"PROVISIONS FOR THE FUTURE," the ninth edition of the Sharjah Biennial, raised a host of unsettling if necessary questions typically repressed by the protocols of the global biennial circuit--though in light of the stated ambitions for the show, this might not at first appear to be the case. Organized by artistic director Jack Persekian and chief curator Isabel Carlos, "Provisions for the Future" seemingly mined familiar thematic terrain, and with a deceptively optimistic inflection. "The pursuit of happiness," Carlos writes in the rainbow-colored tome that is the catalogue, "is an important motivation for humanity to relocate itself from one place to another. In such relocation, notions of Utopia and the future ... play a major role." The work of some sixty artists, running the gamut from the emerging (Haris Epaminonda, Hayv Kahraman) to the emerged (Lawrence Weiner), was pressed into the service of this thesis. These projects focused on, in Carlos's words, "concepts like immigration, travel, narrative, fiction, memory and history, escape and exile." The litany reads like curatorial boilerplate at this late date, offering nothing new in the round-robin of biennial culture. Yet somehow in Sharjah this familiar set of curatorial rubrics actually took on some urgency.
The million-dollar question inadvertently posed by the biennial was: What future? With every indicator suggesting that the financial crisis has yet to hit rock bottom, might the "provisions" of the exhibition's title now be regarded as, well, provisional--proposing that the era of the global biennial has hit a plateau, an impasse wrought by the excesses of the art world and a concomitant failure of the imagination? Crudely put, to what extent is the provisional character of this curatorial format pathologically implicated in the mood swings of the market, no matter how loudly such exhibitions disavow this relationship in their critiques of neoliberal economics? It was clear that the Sharjah Biennial's implicit set of responses to such questions was continuous with its markedly regional considerations, a fact that contradicts the received wisdom on global large-scale exhibitions as everywhere and always the same. Carlos may well describe Sharjah as "a cultural meeting point where the notion of 'future' is permanently evoked," but the site-driven dimensions of her biennial served less to bolster the city's profile as a node on the art-world map than to undercut the show's ostensibly roseate thesis.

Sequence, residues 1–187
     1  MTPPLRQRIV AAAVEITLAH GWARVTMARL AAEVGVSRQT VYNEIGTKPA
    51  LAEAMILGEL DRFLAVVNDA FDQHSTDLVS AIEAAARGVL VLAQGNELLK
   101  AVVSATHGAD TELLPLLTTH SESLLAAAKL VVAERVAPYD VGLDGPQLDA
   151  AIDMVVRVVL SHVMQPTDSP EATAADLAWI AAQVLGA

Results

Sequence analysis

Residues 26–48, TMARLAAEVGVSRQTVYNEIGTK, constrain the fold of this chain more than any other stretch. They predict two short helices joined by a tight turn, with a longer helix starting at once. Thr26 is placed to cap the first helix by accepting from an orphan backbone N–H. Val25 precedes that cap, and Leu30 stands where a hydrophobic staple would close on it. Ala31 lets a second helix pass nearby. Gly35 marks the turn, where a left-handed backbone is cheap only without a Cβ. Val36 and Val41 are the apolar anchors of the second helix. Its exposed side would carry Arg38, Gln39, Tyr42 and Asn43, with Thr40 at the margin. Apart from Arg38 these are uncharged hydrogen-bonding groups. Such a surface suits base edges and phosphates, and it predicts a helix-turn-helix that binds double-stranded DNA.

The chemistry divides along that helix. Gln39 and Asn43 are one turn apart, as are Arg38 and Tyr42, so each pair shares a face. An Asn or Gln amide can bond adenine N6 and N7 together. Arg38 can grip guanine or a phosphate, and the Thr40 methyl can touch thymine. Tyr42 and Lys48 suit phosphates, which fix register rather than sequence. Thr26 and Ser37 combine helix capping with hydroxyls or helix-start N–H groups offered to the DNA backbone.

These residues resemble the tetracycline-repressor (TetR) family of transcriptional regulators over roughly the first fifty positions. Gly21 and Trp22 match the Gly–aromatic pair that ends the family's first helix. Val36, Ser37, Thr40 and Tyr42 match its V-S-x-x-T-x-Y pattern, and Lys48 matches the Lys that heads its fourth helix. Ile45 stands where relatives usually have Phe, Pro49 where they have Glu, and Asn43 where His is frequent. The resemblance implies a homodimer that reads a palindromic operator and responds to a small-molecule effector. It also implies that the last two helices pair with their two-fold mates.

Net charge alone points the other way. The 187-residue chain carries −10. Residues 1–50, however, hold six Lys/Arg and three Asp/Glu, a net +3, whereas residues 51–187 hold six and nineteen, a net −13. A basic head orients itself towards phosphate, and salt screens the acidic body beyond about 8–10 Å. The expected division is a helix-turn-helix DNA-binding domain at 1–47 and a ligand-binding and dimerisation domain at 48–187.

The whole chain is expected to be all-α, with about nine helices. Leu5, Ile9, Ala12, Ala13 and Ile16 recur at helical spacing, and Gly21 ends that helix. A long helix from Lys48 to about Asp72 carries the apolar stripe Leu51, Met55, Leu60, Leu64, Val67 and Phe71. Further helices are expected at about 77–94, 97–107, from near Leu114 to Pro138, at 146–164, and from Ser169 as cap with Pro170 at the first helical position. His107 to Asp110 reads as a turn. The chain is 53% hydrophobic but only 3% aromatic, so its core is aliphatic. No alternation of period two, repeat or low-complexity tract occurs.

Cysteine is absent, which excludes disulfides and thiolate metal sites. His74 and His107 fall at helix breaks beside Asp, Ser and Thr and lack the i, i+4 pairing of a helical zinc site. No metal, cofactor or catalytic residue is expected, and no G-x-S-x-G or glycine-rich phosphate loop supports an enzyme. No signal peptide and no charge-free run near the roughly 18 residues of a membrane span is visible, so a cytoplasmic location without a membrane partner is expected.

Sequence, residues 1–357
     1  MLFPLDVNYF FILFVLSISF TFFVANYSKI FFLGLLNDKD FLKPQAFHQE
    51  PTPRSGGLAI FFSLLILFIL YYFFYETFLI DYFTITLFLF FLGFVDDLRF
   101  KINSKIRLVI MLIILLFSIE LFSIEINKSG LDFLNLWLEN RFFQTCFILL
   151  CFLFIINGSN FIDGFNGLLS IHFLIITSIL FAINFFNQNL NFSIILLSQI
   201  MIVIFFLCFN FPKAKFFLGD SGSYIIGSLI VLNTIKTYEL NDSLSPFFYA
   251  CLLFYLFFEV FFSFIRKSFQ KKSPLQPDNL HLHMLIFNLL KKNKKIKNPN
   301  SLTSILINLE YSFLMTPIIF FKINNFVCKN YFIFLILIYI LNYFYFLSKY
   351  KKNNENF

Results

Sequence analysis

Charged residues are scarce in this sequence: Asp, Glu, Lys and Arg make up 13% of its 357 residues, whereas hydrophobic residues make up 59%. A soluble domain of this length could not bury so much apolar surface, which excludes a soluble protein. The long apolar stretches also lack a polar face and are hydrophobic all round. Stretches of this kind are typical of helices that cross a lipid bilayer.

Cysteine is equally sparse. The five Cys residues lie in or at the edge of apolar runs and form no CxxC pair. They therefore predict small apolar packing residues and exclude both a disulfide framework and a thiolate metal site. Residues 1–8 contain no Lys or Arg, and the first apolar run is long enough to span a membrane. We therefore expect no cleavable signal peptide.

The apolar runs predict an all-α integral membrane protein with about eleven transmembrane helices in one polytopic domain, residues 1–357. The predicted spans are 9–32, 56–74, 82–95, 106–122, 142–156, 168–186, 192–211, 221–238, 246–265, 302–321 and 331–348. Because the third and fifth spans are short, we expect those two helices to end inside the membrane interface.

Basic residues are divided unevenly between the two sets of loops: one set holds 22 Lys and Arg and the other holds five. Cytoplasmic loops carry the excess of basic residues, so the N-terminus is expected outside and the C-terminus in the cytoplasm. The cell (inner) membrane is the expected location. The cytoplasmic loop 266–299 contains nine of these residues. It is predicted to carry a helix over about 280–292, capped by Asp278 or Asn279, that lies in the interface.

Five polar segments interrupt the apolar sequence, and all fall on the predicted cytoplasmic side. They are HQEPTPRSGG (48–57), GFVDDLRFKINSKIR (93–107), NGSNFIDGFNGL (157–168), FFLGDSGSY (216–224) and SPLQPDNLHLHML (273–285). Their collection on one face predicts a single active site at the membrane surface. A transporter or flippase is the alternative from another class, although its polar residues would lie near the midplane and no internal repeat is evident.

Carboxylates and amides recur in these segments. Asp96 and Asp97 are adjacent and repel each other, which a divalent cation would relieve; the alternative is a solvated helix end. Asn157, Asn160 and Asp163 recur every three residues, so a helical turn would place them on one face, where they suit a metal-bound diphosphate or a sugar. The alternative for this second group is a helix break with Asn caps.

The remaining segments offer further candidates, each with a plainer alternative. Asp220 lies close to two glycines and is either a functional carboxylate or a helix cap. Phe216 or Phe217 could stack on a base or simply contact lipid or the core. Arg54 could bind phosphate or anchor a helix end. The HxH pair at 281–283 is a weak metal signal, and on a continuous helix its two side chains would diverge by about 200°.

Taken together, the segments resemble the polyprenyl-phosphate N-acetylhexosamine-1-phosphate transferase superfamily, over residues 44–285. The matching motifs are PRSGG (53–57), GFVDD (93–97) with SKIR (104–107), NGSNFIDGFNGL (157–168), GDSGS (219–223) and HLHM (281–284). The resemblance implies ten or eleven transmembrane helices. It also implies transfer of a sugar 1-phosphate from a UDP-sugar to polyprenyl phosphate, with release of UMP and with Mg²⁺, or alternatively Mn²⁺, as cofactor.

Much of this had to do with a brute fact of geography. As Dubai's less glamorous and more conservative neighbor, Sharjah, dubbed the "cultural capital" of the UAE, provides the starkest contrast imaginable to the Disneyland swank of its neighboring city-state. In flush times, the difference between Sharjah and Dubai seems so obvious that even to point it out courts redundancy: Dubai's profile as the epicenter of globalization renders Sharjah irredeemably provincial. These days, the comparison proves instructive once again, dramatizing the radical unevenness of globalization and its profoundly local consequences, and providing an object lesson about large-scale exhibitions that, however obvious, bears repeating: The motivations behind such shows are as relational and comparative as they are site-specific. To be sure, it was impossible to approach "Provisions for the Future" without thinking of the recent fortunes of Dubai, where the formerly relentless movement of construction cranes has now ground to a halt and the proliferation of TO RENT signs plainly broadcasts the hard new economic realities. At the Art Dubai fair, which opened in mid-March, two days after the biennial, with the usual complement of symposia and satellites, the uncertainty was palpable in the fauxrabian environs of the Madinat Jumeirah resort where the participants set up shop. And so it was in Sharjah, despite the consensus that attendance seemed robust. …